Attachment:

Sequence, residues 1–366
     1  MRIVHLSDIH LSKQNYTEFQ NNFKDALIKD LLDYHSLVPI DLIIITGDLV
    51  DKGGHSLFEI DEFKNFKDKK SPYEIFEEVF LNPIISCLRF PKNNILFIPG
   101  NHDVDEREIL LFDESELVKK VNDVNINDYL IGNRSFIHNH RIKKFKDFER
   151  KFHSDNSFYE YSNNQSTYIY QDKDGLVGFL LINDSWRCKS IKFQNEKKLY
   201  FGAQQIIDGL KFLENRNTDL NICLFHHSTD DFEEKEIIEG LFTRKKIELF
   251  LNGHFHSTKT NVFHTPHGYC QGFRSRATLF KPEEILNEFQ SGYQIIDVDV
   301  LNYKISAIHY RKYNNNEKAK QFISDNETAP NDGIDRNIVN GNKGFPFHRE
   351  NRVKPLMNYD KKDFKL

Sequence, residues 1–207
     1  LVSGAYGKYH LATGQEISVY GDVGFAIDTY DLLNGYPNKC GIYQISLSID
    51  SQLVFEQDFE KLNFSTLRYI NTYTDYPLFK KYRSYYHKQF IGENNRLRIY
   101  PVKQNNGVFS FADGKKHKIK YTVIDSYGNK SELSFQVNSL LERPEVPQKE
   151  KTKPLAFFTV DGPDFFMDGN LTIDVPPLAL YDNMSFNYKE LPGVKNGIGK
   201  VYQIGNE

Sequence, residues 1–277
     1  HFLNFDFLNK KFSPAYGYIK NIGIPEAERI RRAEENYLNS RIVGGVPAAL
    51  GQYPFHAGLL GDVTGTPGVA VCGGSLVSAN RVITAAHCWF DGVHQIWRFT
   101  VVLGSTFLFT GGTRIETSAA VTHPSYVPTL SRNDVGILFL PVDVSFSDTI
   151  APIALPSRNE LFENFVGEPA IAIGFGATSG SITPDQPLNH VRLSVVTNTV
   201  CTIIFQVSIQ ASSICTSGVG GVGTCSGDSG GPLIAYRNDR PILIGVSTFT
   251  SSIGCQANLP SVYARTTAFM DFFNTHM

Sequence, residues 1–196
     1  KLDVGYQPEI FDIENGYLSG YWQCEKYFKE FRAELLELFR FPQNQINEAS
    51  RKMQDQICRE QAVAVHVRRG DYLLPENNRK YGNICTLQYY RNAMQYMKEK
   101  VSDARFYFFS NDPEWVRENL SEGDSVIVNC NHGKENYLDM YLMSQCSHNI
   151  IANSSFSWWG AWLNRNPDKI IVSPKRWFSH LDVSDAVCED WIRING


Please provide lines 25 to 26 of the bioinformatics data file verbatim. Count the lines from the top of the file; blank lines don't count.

    51  RKMQDQICRE QAVAVHVRRG DYLLPENNRK YGNICTLQYY RNAMQYMKEK
   101  VSDARFYFFS NDPEWVRENL SEGDSVIVNC NHGKENYLDM YLMSQCSHNI